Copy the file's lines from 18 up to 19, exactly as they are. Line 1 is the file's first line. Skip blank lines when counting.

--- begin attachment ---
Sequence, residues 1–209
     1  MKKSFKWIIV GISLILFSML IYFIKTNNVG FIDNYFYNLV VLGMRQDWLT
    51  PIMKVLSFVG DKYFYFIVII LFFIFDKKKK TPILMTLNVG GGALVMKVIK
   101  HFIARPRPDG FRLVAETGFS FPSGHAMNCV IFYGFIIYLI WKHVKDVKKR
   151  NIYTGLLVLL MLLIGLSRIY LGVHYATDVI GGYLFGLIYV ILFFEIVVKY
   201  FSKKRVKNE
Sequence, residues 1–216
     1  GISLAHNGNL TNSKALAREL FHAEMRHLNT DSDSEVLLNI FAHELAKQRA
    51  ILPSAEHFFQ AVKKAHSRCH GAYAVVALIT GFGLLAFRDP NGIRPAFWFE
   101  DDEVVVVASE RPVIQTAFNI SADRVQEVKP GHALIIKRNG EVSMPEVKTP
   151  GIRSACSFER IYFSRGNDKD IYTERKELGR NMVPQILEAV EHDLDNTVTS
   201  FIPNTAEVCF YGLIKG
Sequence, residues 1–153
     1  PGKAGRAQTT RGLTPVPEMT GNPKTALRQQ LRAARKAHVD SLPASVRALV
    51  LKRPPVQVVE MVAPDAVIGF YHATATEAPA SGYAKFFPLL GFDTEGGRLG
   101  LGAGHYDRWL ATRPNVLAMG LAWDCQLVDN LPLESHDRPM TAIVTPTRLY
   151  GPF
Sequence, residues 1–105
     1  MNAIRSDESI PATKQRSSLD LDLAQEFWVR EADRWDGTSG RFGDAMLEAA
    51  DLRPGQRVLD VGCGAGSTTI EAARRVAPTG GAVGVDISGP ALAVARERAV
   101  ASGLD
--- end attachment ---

Sequence, residues 1–105
     1  MNAIRSDESI PATKQRSSLD LDLAQEFWVR EADRWDGTSG RFGDAMLEAA